UNITED NATIONS, Jan. 1 (Xinhua) -- On the heels of the new year, India, Colombia, Germany, Portugal and South Africa began their two-year tenure on Saturday as non-permanent members of the UN Security Council.
Elected by the UN General Assembly on Oct. 12, the five freshmen members took their seats on Jan. 1 -- as some have called for a permanent seat on the powerful world body.
The Security Council remains unchanged since its membership expanded from 11 to 15 nations in 1963. Five permanent members -- China, France, Russia, the United Kingdom and the United States -- hold veto power. The other 10 members are elected to serve for two- year terms and have no power to veto decisions by the Council.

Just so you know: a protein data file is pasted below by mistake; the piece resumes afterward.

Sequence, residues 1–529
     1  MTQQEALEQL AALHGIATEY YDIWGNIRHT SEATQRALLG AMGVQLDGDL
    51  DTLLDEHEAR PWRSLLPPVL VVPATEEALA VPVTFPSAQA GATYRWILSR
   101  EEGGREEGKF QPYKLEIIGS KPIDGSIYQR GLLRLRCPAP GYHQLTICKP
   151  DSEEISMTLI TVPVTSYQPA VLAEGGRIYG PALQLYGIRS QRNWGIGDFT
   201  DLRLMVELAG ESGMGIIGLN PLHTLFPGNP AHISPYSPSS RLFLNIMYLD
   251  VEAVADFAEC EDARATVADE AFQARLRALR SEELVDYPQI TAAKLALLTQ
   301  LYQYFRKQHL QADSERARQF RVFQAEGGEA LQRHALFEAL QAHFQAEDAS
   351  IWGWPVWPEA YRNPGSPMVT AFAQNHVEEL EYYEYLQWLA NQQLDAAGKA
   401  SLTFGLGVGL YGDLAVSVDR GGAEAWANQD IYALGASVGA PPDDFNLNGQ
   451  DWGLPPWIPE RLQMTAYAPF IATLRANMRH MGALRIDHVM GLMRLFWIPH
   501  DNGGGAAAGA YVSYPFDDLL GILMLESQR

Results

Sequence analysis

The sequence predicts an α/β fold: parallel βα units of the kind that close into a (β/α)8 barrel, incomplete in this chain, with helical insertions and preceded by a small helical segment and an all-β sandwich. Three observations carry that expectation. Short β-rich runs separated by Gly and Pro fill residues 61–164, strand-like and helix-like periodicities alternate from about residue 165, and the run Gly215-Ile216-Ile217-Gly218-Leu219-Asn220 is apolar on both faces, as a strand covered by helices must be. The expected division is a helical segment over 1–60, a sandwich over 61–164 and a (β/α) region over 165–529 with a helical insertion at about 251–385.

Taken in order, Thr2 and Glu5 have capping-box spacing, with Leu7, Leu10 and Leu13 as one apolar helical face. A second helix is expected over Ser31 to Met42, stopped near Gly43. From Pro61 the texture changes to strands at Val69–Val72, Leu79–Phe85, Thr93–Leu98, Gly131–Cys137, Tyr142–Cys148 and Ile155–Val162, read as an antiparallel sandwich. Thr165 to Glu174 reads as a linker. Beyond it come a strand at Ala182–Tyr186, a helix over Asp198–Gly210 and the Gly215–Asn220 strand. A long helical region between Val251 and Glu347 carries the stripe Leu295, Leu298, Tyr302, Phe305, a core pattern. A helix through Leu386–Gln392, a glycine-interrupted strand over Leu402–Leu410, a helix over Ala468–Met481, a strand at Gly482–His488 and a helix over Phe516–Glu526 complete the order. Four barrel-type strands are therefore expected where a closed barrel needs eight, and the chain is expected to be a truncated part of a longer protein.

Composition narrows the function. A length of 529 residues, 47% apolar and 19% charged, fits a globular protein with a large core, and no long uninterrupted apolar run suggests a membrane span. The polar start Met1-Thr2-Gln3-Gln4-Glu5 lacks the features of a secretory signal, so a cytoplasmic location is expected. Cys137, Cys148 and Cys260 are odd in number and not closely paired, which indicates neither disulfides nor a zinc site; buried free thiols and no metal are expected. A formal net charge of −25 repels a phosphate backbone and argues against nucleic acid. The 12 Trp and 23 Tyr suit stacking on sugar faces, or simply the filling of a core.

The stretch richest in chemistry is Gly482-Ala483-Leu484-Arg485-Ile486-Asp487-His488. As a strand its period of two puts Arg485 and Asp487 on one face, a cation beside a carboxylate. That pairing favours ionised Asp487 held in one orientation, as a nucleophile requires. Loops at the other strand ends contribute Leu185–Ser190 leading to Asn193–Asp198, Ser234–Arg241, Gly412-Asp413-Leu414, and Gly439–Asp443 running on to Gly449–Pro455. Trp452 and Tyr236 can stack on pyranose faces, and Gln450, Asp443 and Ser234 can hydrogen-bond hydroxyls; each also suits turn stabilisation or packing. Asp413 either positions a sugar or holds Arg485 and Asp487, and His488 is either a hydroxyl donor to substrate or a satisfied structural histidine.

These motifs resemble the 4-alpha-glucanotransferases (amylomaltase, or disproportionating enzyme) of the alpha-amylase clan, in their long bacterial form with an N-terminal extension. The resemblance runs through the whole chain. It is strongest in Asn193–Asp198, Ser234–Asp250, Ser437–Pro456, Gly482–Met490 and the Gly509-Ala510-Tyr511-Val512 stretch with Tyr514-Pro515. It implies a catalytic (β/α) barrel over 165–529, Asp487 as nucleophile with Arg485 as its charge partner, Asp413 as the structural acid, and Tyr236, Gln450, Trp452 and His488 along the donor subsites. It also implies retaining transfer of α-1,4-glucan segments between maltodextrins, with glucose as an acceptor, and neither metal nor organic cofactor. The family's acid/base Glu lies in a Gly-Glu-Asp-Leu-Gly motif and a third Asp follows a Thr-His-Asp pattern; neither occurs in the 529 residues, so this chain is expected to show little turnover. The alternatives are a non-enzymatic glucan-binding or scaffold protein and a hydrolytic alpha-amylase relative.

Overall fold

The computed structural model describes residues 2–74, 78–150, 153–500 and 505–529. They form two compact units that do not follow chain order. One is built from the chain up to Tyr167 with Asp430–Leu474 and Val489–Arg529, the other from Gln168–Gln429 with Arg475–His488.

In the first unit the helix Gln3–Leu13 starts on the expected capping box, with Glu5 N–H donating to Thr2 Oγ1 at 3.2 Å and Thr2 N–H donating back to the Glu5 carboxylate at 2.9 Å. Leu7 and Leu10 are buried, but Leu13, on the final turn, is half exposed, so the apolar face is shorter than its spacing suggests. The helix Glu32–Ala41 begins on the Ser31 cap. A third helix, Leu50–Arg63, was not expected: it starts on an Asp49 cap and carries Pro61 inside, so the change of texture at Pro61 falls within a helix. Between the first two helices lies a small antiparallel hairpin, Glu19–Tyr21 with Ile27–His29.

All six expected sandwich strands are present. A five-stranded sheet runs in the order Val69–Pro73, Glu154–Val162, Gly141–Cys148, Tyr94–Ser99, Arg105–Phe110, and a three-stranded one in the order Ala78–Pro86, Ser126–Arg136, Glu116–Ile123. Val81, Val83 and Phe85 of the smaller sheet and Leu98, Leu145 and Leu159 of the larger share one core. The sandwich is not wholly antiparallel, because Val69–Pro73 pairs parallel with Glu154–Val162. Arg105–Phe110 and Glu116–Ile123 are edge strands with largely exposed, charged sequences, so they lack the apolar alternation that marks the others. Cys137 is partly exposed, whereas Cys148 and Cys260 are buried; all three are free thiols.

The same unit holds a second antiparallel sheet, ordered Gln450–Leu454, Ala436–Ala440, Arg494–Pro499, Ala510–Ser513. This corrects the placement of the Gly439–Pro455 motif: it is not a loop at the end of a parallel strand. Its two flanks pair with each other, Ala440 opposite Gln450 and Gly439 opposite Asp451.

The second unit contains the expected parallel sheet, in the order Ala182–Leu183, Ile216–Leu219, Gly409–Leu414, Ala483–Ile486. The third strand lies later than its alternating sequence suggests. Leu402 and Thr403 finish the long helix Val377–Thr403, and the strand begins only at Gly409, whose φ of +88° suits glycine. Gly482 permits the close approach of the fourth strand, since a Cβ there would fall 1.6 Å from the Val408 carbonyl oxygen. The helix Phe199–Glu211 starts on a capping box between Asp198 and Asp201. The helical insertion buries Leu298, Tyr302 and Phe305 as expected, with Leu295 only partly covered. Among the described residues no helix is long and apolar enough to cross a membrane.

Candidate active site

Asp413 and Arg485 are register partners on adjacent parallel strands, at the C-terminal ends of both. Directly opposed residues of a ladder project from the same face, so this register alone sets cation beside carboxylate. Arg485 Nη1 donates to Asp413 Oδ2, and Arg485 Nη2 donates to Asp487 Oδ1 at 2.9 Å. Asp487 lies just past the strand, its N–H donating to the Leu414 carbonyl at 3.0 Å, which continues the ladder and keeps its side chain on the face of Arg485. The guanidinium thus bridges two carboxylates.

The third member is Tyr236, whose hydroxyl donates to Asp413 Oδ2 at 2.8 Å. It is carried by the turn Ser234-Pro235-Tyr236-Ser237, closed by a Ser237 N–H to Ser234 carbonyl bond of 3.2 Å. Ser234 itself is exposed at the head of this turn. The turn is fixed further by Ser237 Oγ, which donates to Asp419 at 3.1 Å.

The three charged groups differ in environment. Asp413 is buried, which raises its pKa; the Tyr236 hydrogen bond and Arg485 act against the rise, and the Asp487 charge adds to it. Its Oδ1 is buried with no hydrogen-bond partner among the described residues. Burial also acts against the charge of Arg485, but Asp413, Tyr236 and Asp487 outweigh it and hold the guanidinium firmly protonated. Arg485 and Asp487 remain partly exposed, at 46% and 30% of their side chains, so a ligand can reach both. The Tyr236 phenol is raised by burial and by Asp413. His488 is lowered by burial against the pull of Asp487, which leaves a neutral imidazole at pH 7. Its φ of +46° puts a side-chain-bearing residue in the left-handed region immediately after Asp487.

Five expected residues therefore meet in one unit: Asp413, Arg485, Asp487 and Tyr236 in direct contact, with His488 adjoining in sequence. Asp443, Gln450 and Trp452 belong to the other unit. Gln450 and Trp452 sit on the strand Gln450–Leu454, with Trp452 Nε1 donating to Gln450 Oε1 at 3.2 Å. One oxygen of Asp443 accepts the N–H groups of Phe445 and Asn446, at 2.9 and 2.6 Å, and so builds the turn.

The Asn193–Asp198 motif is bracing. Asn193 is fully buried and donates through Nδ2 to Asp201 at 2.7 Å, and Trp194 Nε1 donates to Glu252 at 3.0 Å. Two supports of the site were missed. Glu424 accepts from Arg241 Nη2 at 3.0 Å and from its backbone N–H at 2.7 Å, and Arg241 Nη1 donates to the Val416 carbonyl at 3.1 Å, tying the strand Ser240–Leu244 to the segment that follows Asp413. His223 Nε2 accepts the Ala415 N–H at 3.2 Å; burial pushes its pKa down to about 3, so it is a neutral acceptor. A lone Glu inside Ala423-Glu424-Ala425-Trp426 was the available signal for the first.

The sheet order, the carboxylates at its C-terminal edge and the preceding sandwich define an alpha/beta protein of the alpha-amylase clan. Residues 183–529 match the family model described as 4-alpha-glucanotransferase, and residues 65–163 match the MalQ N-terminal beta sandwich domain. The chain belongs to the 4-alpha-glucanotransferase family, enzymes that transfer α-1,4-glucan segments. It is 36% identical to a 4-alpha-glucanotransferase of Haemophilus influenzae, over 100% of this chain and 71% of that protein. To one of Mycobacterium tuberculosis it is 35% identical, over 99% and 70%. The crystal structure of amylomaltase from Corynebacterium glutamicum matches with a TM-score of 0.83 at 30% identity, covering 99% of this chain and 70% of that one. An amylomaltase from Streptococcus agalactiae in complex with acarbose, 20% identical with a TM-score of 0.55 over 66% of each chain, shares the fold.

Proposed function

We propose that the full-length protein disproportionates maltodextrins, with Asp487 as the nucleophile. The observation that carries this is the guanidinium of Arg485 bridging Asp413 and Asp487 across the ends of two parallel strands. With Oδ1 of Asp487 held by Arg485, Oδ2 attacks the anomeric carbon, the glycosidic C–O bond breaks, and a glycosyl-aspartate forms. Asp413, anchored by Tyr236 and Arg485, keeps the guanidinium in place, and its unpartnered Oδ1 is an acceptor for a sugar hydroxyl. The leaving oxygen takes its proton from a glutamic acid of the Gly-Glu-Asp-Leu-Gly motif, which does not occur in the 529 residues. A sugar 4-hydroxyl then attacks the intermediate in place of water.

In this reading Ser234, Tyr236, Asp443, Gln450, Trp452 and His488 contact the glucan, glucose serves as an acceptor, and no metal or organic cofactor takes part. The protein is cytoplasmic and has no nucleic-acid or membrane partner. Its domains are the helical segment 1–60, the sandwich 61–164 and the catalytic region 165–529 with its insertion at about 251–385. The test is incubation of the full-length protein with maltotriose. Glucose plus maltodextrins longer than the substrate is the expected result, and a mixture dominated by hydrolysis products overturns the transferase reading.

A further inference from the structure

The five other members whose seats do not expire until the end of 2011 are Brazil, Nigeria, Lebanon Gabon and Bosnia-Herzegovina.
Brazil, Japan, and newly-elected Germany and India, known as the Group of Four (G4), have formally introduced a proposal to expand the 15-member Council by 10 seats, with 6 permanent members.
The G4 proposal argues that the Council's post-World War II structure does not reflect the realities of today's world.
Despite a general consensus by all 192 UN member states to reform the Council, the process of reform continues to face serious political obstacles. It is an issue that has been under discussion for 17 years.